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be marshaled through the Ghana Research and Advocacy Initiative; the Orthopeadic Training Centre; and multiple outfits supported by the Salvation Army and Catholic, Anglican, and Presbyterian churches. At the national level, a formal governmental initiative, the Persons with Disability Act, was passed by parliament in 2006. Two broad objectives were to fulfill constitutional and international obligations to protect the rights of PWDs including the right to family life; participation in social, creative, and recreational activities; equal residential treatment; and access to public spaces. Sixty-one clauses constitute the act and span topics such as employment, education, transportation, health care, and miscellaneous provisions. Despite formal legislation, the effectiveness and the real-life impact of social, humanitarian, and governmental initiatives remain limited in part because of the weak lobbying power of those concerned with disability issues and in part because of the attitudinal, physical, and institutional challenges outlined hereafter.17
Attitudinal Challenges Although Ghana’s general public has made progress toward accepting citizens with disabilities, attitudinal challenges to the full socioeconomic inclusion of PWDs persist at the level of the individual, the family within which that individual is reared, and the broader society of which that family is a part.18 At the level of the individual, perhaps the more obvious point is that limited exposure can enable negative perceptions of self and society.19 Because of a variety of internal and external forces, Ghanaians with disabilities may isolate themselves from family, friends, schools, places of employment, and other opportunities for social interaction. Thus, the development and the refinement of one’s selfconcept may occur in isolation rather than in nurturing social settings. Devoid of social feedback (either positive or negative), perceptions of self can become narrow, negative, and self-doubting; a focus on one’s inabilities rather than capabilities and a general fear of society (which, in many cases, represents a stark Bunknown[) can set in. The less obvious point is that negative perceptions of self can be paradoxically amplified by organized social integration programs.20 Inclusion programs can draw attention to celebrated and expected social roles such as self-reliance and independent productivity. In so doing, these can highlight weaknesses, dependence, and inabilities at the level of the individual with disabilities. This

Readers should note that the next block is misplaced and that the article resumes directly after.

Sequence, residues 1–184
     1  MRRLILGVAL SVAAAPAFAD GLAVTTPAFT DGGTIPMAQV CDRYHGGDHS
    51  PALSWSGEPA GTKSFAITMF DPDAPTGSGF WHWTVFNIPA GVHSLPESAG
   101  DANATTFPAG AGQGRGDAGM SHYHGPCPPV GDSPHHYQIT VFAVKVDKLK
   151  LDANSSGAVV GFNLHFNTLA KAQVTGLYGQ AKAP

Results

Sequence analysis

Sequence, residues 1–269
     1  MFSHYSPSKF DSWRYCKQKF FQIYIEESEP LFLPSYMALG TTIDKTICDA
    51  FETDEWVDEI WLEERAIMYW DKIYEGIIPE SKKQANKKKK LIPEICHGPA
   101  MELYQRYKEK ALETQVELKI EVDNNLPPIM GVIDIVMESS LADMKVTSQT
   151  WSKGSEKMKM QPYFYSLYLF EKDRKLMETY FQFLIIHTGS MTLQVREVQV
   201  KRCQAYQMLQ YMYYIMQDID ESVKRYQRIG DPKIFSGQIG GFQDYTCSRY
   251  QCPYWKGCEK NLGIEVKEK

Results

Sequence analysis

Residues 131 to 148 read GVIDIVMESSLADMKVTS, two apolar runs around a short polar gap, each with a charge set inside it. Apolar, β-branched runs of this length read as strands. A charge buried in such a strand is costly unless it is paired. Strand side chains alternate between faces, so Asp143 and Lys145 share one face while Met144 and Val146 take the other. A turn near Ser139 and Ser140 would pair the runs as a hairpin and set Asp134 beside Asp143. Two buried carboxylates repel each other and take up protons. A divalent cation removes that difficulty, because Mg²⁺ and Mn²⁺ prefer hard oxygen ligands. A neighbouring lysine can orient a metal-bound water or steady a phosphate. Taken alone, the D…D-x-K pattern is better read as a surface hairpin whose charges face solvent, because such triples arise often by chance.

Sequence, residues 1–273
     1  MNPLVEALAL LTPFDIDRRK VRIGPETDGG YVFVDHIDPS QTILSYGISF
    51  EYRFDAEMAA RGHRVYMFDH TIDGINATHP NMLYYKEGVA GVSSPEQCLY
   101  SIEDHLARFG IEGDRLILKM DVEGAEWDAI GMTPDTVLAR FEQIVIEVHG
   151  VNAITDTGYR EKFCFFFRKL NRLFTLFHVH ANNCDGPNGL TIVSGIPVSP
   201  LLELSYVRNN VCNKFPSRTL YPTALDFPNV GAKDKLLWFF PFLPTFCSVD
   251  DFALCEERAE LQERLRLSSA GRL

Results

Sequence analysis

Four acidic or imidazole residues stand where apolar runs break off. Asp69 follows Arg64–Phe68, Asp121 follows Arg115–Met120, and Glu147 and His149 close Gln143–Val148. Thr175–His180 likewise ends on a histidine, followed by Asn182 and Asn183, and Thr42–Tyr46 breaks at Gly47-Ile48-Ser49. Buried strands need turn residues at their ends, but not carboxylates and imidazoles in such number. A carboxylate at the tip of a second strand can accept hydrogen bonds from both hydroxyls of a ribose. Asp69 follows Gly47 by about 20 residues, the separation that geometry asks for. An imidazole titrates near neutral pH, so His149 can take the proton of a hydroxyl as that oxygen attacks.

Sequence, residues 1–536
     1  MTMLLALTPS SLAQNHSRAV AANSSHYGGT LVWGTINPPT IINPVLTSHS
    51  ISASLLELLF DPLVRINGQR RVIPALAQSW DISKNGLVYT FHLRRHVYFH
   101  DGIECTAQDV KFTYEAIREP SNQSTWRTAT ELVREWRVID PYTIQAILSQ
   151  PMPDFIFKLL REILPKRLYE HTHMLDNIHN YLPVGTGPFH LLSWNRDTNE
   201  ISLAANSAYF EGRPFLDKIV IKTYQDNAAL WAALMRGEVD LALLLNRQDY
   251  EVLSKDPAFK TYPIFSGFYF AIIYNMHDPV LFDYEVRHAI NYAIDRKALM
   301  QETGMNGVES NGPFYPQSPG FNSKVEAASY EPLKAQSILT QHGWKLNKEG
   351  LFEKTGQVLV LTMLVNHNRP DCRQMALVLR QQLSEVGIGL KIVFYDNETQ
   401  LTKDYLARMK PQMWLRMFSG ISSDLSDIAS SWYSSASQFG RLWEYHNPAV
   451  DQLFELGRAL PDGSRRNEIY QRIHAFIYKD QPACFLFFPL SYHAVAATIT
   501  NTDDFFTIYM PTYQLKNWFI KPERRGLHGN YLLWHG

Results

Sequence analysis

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has been most clearly demonstrated in the public health literature by the surprisingly poor reception CBR programs have received among people with disabilities in sub-Saharan Africa. Nonparticipation in these programs was in part caused by people with disabilities’ resistance to being publically seen as receiving and thus needing help from able-bodied CBR staff to perform basic activities of daily living such as finding work and negotiating transportation. West Africans with disabilities who engaged in CBR programs voiced a preference for independence rather than dependence (perceived or real), including a preference for generating capital through independent begging rather than receiving help and handouts from assistance organizations and their community health ambassadors.20 These attitudes and resistances may be encouraged by unspoken norms of African society including prescribed sex roles (i.e., men as breadwinners).21 Traditionally, women are also prescribed strict sex roles in sub-Saharan Africa. Women may accrue most of their social value through sexspecific functions including childbearing.22 For a woman with a disability who may be (mistakenly) viewed as incapable of childbirth, these external social attitudes may impact self-perception, personal goals, and perceived potential for full social inclusion.23,24 At the level of the family, despite advances in medical knowledge and an increasingly westernized approach to congenital and acquired disabilities, a nonbiologic, spiritual model of disability predominates.7 This enables intentional educational and social exclusion caused by shame. A child with a disability and his/her disability itself may still be regarded as curses, the result of witchcraft or punishments from God. Historically, children born with disabilities were given names such as kinkirgo, or spirit children.25 They were and may still be abused and/or put to death particularly in rural settings.26 Because of a family’s shame of this perceived curse, children with disability are often kept home from school and outside social settings.27 This limits educational attainment and appropriate social development in children with disabilities and negatively impacts the accurate measurement of disability in Ghana, particularly in rural areas. At the level of society, despite legislation, widespread apathy, avoidance, and discrimination in public spaces and the workplace limit the social mobility of those with disability.28 This can discourage PWDs from seeking help. Indeed, a 1998 study confirmed that because, in part, of social stigma, many PWDs preferred to beg rather than seek rehabilitative assistance.29 www.ajpmr.com